As soon as Father Pelamourgues arrived in Davenport he started a school at St. Anthony's, and he served as its first teacher. It was the one of the first schools established in the small town.[5] Classes were taught in the church proper itself with a curtain pulled across the altar area. He had an addition built onto the building in 1843, and he convinced the Sisters of Charity of the Blessed Virgin Mary to open a school in Davenport. Financial difficulties forced the sisters to leave after a year. They returned in 1855 to teach the girls at St. Anthony's. Immaculate Conception Academy opened four years later. Pelamourgues also desired brothers to teach the boys, but declined Bishop Loras' offer to send French Brothers. He said a French pastor was all an Irish community could handle.[6] He continued to teach the boys. He was known as a strict disciplinarian, and believed it was important to teach his students a trade. His most prominent pupil was John Forrest Dillon who would go to become the chief justice of the Iowa Supreme Court, and a United States District Court judge appointed by President Ulysses S. Grant.[6]

The stone church built by Fr. Pelamourgues in the 1850s. On the right through the trees can be seen the addition added in 1883.

In 1850 Pope Pius IX established the Diocese of St. Paul, and Father Crétin was appointed as its first bishop. Pelamourgues was assigned by Bishop Loras to replace Crétin as vicar general of the Diocese of Dubuque. After Bishop Crétin's death seven years later, Father Pelamourgues was chosen to succeed him in St. Paul. Pelamourgues was dismayed by the appointment and when he received his letter of appointment he responded to the Holy See with a letter declining the office. His reasons were accepted and Pelamourgues remained in Davenport.[2] In 1865 when Loras' successor, Bishop Clement Smyth died, Pelamourgues served as administrator of the Dubuque Diocese. He was on the list of names that was sent to the Holy See to replace Smyth.[7] Father Pelamourgues was also an early promoter of Davenport being named a see city when the question arose concerning the division of the Dubuque Diocese.[8]

In 1850 plans were being drawn up to construct a new church at St. Anthony's. It was a simple structure built of stone in the Greek Revival style. The building was 84 by 44 feet and completed in 1853. St. Anthony's was never a wealthy community in the years that Pelamourgues was pastor,[9] and so it took time to carry out the building project. Pelamourgues himself left Davenport and traveled to his native France in 1852 to visit his ailing father.

As Davenport continued to grow so did St. Anthony's, and there were needs that Father Pelamourgues could not accomplish on his own. German immigrants began to settle in Davenport, and so he helped to establish St. Kunigunda parish to serve their pastoral needs in 1855. The following year he and Antoine LeClaire were instrumental in establishing St. Margaret's on the bluff to the east of downtown, and St. Anthony's lost its long-time parishioner and benefactor. While he helped establish St. Kunigunda he was opposed to a church that was only for German speaking people. When the German pastor, Rev. Michael Flammang, refused to serve the needs of the Irish who settled in the west end, Pelamourgues threatened to build a new church under his nose. In 1867 Pelamourgues established St. Mary's parish on the Catholic cemetery property in the west end, two blocks from St. Kunigunda.[1] He served both St. Anthony's and St. Mary's as pastor until a resident pastor was assigned to St. Mary's in 1868.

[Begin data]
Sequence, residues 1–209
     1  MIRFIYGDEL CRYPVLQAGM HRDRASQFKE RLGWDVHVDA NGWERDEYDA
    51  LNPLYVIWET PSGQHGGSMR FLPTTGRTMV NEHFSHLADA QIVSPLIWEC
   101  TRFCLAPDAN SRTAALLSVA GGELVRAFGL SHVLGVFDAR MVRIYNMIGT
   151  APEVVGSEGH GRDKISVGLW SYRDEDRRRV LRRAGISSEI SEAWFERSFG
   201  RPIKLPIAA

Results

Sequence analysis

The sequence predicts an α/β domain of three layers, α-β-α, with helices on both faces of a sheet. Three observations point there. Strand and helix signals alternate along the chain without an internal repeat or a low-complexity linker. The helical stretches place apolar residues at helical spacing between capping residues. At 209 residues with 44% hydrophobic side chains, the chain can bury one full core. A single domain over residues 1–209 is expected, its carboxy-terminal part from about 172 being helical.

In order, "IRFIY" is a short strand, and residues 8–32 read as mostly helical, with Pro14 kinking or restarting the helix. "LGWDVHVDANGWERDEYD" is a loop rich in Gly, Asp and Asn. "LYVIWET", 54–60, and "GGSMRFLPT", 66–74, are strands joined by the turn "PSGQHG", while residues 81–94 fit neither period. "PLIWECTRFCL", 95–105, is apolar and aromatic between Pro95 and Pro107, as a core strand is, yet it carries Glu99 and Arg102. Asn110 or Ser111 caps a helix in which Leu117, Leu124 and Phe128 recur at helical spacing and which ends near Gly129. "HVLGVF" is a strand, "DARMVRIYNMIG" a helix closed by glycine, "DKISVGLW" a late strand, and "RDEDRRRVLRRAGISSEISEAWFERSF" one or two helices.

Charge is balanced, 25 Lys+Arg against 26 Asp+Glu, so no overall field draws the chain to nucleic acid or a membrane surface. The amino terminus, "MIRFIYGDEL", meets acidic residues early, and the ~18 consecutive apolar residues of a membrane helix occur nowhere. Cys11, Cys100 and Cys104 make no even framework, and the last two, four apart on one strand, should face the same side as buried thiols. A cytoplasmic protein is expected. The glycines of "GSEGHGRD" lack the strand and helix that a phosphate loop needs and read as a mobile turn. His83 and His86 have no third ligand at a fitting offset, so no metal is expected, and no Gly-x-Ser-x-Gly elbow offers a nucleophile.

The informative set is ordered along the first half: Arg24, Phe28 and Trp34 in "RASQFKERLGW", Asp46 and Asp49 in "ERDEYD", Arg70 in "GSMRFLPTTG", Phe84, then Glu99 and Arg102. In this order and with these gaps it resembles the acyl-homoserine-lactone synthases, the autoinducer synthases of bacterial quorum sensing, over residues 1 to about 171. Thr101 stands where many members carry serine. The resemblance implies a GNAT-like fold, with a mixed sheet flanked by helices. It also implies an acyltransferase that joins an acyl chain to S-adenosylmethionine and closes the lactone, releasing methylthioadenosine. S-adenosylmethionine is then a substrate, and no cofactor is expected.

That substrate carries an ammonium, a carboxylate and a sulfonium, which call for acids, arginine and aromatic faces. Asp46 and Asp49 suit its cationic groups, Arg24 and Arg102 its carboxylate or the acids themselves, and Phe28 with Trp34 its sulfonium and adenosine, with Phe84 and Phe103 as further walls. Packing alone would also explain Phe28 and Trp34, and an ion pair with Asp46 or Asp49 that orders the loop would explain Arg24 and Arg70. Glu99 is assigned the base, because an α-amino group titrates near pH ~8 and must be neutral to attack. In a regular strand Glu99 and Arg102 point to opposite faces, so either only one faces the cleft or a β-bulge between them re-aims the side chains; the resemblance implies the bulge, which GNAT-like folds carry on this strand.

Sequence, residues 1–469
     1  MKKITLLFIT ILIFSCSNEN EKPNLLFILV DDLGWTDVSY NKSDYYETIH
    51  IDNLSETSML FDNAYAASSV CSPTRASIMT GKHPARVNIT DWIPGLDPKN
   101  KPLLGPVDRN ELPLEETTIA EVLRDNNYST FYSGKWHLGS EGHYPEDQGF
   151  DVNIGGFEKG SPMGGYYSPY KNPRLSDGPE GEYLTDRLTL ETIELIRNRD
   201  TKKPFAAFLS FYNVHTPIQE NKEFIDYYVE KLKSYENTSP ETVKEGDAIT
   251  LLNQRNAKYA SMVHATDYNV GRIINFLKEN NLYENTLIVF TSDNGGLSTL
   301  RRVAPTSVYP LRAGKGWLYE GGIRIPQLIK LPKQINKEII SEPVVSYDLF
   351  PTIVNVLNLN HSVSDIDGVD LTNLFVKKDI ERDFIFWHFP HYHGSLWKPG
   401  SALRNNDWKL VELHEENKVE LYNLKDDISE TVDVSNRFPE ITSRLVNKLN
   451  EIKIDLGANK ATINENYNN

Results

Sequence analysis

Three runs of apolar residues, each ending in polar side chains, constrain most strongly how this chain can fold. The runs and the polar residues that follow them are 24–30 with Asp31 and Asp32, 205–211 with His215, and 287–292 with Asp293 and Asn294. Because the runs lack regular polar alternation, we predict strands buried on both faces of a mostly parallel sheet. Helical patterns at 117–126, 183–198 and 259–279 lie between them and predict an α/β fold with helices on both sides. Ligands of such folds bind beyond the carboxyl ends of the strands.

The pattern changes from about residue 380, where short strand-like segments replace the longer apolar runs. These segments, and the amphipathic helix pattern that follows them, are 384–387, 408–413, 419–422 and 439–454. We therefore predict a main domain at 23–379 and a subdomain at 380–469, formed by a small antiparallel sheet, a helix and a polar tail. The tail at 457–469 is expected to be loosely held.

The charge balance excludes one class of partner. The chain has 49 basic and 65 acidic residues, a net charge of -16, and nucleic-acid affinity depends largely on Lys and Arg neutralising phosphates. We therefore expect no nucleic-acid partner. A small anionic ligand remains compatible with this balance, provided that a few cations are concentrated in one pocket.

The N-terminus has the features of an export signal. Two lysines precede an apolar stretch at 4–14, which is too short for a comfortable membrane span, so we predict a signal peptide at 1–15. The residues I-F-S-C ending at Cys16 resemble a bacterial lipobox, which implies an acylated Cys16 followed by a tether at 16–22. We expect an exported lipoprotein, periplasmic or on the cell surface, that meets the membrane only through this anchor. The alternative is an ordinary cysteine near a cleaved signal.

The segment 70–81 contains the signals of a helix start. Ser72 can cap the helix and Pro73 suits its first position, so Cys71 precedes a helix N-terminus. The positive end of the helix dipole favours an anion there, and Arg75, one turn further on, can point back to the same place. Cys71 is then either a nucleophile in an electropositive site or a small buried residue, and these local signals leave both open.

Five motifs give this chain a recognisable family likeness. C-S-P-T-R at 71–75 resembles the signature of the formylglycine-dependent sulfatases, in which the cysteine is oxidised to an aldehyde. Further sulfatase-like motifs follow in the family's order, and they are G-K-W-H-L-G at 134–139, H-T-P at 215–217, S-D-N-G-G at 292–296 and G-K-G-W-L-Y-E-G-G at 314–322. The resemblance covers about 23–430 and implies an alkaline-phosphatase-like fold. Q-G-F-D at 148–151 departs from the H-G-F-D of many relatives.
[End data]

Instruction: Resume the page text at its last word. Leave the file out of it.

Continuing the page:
Later life[edit]

In 1868 Pelamourgues visited his native France, but circumstances arose that prevented his return to Davenport. He was involved in establishing one more institution in the city, however. In 1869 Mother Mary Borromeo Johnson of the Sisters of Mercy came to Davenport raising money for a new school in DeWitt. She saw the conditions at the county poorhouse, and was asked to take over care of the sick and poor. Through his attorney, Father Pelamourgues assisted Mother Borromeo in acquiring the property where the Sisters of Charity of the Blessed Virgin Mary had initially established a girls' school at the end of Marquette Street for Mercy Hospital. Pelamourgues lived out his remaining days in Rodez and died there in 1875.

See also[edit]


  1. ^ a b Schmidt, Madeleine M. (1981). Seasons of Growth: History of the Diocese of Davenport. Davenport, Iowa: Diocese of Davenport. p. 398. 
  2. ^ a b c Kempker, J.F. "Very Rev. J. A. M. Pelamourgues, Missionary priest and educator. Distinguished in the annals of the Roman Catholic Church of early Iowa" The Annals of Iowa, A Historical Quarterly. Vol. 6, 3rd series, Charles Aldrich, editor. (Des Moines: Historical Department of Iowa, 1903) 117
  3. ^ Schmidt, 39
  4. ^ Schmidt. 45
  5. ^ Schmidt, 54
  6. ^ a b Schmidt, 56
  7. ^ Schmidt, 96
  8. ^ Schmidt, 103.
  9. ^ History of Davenport and Scott Co